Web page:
By: Matthias Selke
Some Climbing Notes on a Loose Mountain (Mount Mills)
Craig Connally and myself ascended Mount Mills via the usual East Couloir on a dayhike this past September 18. We were able to identify some features that are not described in the guidebooks and which may be of help to future climbers. (It seems that a number of parties have had route finding problems on this peak. For a particularly graphic example - good reading during the winter months when there is nothing better to do - interested readers are referred to a report by our friends in the Bay Area PCS at http://www.climber.org/TripReports/l997/255.html)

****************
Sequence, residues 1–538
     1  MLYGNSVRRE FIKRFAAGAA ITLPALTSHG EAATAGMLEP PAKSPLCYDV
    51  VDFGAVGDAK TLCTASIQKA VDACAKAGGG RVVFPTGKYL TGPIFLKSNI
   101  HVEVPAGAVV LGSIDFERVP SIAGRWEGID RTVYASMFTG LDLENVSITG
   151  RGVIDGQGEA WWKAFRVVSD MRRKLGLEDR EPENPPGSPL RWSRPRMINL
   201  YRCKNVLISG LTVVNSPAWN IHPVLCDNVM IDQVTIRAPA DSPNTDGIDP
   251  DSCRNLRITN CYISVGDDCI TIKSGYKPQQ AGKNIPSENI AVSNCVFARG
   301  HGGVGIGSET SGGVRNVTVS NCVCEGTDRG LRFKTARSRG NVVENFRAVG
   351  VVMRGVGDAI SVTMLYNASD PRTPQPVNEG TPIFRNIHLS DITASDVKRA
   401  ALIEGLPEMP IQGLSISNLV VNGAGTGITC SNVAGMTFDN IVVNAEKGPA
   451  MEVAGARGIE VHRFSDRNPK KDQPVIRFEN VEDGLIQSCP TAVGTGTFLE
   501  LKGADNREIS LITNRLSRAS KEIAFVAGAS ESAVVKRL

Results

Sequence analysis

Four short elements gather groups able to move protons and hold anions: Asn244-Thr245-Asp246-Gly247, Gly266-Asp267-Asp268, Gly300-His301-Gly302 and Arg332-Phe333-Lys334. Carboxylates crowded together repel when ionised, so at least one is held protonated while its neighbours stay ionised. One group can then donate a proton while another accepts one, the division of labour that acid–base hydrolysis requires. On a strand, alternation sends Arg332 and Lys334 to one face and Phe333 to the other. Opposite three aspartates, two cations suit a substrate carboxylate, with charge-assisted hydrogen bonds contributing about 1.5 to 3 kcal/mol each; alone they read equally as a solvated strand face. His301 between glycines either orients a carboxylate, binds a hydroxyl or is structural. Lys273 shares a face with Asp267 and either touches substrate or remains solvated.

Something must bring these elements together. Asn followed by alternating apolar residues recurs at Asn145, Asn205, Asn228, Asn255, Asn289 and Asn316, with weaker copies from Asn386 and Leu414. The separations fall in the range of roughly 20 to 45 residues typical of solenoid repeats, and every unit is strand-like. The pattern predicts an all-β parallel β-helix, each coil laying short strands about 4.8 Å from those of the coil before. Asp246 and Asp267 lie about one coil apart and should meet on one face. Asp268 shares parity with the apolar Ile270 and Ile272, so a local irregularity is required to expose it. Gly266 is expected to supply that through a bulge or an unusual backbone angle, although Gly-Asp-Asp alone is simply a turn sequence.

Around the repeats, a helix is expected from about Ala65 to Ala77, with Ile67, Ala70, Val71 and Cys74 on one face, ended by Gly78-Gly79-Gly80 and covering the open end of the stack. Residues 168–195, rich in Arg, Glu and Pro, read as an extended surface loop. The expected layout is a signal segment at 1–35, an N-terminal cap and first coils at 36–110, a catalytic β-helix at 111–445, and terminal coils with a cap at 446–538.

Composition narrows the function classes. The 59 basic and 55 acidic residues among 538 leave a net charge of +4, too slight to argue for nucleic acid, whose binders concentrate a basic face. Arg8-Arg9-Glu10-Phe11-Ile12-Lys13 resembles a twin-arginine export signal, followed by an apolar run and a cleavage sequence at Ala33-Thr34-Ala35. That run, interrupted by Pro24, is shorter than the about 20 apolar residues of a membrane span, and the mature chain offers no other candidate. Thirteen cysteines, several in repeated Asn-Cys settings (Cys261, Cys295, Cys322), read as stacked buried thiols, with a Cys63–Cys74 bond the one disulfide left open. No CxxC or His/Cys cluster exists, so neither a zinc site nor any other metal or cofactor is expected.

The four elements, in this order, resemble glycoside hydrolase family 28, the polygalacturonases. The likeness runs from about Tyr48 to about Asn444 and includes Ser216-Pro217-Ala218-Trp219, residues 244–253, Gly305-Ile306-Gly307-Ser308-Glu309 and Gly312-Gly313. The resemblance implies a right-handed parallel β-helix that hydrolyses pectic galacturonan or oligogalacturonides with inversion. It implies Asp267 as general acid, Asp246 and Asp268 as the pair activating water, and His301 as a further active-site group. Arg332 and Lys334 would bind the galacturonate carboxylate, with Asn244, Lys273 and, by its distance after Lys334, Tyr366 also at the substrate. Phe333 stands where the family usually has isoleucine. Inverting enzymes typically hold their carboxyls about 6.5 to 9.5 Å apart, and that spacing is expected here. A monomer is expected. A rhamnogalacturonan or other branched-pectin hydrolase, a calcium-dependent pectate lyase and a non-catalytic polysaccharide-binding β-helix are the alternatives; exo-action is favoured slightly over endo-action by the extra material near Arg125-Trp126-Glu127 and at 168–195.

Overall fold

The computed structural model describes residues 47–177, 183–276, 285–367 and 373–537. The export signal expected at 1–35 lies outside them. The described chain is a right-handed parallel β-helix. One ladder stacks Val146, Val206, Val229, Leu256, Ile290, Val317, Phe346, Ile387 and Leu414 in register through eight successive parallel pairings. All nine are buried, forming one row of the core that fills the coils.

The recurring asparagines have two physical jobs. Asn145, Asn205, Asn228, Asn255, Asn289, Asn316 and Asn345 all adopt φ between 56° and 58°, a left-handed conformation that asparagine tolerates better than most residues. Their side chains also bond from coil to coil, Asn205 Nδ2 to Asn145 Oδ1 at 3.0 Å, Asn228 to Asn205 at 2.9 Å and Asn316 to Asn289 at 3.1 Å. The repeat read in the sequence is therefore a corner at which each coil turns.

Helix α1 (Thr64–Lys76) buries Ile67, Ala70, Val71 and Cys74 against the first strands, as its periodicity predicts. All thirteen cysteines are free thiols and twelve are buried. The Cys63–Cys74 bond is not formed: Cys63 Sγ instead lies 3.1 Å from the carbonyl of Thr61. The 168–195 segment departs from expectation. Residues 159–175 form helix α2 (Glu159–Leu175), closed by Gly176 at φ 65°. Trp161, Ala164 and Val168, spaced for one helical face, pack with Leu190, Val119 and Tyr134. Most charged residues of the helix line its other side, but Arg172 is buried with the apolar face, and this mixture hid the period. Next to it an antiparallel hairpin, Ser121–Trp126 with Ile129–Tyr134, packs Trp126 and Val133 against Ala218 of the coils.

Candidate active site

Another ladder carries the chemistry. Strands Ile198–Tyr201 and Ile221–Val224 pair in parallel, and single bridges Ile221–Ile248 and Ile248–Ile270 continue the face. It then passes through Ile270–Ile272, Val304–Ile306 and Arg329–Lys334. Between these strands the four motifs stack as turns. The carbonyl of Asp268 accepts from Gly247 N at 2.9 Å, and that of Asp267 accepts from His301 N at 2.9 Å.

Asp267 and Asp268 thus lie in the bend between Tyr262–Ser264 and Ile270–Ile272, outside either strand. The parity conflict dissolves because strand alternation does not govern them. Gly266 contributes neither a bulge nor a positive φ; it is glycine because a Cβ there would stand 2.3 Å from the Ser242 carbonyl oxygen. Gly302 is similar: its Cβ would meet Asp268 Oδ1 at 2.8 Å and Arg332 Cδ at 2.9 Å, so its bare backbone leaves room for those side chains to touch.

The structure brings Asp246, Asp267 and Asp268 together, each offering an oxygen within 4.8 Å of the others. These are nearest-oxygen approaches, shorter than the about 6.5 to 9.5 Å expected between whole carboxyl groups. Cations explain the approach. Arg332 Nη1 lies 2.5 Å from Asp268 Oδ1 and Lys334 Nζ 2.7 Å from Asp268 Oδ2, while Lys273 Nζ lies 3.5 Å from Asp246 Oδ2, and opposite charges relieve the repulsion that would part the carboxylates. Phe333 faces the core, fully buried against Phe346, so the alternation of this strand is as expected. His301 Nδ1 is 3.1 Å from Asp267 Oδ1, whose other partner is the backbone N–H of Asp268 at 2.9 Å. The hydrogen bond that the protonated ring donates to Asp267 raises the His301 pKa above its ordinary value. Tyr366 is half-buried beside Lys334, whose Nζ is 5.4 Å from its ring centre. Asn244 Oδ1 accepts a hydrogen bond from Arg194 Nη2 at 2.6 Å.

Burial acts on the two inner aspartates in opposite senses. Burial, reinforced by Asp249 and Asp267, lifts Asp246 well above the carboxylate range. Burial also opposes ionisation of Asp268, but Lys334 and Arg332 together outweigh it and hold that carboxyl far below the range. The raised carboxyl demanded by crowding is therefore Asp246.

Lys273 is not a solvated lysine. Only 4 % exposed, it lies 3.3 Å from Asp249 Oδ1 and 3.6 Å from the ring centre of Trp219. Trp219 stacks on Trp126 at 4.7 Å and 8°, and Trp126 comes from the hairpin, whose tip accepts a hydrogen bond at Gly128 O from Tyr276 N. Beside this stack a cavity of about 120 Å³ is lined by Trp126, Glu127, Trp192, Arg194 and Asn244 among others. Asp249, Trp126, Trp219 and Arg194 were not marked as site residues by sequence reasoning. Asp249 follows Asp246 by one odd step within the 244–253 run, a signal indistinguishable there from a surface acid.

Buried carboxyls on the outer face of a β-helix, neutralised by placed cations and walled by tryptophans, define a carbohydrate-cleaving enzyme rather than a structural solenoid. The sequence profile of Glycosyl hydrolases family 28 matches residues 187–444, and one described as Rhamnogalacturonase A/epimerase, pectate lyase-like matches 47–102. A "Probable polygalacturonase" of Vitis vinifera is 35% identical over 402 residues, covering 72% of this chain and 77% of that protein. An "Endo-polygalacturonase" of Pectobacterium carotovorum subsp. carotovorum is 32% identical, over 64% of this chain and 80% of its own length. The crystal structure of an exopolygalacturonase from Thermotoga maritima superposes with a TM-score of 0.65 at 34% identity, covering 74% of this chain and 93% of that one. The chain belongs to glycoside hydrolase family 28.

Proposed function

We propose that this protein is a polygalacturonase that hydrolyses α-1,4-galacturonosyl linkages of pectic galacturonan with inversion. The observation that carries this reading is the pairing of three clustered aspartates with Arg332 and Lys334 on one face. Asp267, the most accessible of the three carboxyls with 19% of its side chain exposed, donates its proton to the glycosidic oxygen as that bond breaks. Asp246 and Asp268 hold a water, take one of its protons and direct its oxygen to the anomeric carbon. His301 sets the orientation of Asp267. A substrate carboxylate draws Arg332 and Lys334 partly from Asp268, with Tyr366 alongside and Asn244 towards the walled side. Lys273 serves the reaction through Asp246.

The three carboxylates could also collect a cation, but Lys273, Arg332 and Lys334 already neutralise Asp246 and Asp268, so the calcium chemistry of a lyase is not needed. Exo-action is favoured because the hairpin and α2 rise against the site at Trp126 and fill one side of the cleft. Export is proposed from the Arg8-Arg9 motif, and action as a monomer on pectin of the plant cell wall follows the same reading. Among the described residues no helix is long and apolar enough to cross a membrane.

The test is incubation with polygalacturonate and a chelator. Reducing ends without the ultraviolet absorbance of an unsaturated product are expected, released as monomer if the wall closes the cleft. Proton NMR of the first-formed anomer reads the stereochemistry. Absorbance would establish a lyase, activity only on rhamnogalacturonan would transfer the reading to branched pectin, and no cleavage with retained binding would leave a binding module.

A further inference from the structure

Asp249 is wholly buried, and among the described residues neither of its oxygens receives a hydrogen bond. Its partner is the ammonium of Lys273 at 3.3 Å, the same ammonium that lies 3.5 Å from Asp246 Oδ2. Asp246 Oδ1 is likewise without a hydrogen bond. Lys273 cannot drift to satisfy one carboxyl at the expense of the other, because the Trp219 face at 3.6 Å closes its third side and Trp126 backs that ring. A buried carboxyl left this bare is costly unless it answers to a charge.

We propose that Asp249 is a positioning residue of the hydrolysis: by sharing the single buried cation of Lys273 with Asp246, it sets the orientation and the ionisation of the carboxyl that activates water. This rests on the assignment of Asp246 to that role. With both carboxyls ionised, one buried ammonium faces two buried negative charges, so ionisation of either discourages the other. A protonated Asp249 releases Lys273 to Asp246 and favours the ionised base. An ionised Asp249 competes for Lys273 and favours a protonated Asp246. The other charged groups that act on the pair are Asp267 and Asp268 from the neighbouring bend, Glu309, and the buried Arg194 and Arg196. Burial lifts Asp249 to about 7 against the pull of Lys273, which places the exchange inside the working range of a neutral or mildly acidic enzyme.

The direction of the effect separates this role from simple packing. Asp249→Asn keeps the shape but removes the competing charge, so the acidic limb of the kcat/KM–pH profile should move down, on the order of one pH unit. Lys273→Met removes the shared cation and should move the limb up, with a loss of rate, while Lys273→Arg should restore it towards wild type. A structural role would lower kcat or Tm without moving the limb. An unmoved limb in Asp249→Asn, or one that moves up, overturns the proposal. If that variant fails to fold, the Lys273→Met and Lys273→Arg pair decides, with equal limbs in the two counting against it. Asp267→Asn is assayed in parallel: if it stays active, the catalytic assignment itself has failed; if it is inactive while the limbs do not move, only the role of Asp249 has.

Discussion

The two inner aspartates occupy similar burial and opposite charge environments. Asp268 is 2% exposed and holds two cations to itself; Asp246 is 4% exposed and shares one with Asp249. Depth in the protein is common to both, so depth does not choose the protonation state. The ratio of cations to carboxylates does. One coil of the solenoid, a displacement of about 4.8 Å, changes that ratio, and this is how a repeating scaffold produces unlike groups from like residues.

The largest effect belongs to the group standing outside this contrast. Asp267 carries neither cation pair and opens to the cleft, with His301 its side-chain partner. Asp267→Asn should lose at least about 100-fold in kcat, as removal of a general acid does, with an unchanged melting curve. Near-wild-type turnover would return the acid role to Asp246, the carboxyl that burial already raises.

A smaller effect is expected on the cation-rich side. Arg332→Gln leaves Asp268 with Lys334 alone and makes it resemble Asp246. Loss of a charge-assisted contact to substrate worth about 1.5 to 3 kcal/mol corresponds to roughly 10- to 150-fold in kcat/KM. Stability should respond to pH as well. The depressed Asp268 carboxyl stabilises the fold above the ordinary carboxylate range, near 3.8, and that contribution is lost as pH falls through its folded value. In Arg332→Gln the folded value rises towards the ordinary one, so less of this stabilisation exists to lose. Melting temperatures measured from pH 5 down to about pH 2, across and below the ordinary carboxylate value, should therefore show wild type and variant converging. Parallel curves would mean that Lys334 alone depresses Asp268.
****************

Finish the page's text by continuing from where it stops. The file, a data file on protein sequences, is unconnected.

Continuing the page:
There are in fact three couloirs right next to each other in the center of the huge east face of Mount Mills. The one on the left (south) looks easiest, but based on the above-mentioned PCS report it leads into loose and dangerous cl. 4 climbing. The small one in the middle is filled with large brownish talus. We did not investigate this feature, but it looks like it may dead end rather quickly. The one on the right (north) is the couloir with the huge chockstone at the bottom. It's impossible to miss in a dry year, but during high snow years, the chockstone may be completely hidden under snow until late in the season. In this case, climbers should take the right couloir in the center of the east face. The chockstone is climbed on its left side. The rock near the top of this cl. 3 pitch is extremely loose; we rappelled over the main chockstone on the way back rather than climbing over the loose stuff right at the edge; a decent anchor can be found on the north side of the wall above the chockstone. The main couloir angles slightly to the right, and leads up over several short loose cl. 3 sections and extraordinarily loose sandy sections in between. No more than 20-30 yards after the chockstone, well before the next cl. 3 step, some ledges probably cl. 3, lead up the right (north) wail of the chute. This appears to be the start of the Van Dalsem variation mentioned in some guidebooks. (Apparently, some parties have assumed that this variation starts below the chockstone. This is clearly impossible, as the chockstone is at the bottom of the chute - there would be no ledges to climb below the chockstone.) These ledges are much more obvious upon looking down when one is higher up in the couloir. This variation then proceeds along the crest of the rib that forms the northern wall of the East Couloir. The actual east couloir does not lead directly to the summit plateau (contrary to some guidebooks). It eventually ends at the second notch north of the plateau. About 150 ft below the notch, broad cl. 2 ledges lead left (south) toward to the next chute. It seems possible to simply move further left (south) past this chute and then climb onto the plateau. However, we climbed the chute to its top which is at the first notch north of the summit plateau. A short cl. 3 pitch out of the notch over solid rock (by far the most enjoyable pitch of the whole climb) leads onto the summit plateau. The wonderful view does make the ascent worthwhile. Nevertheless, extreme caution is advised on this peak. The rock is extraordinarily loose. We were amazed that large SPS groups (15 climbers) have gone up and down the East Couloir. Helmets are a very good idea on Mount Mills. Both of us felt that while this was an interesting and worthwhile climb, we would be in no great hurry to repeat the route and knock some more rocks down this couloir.
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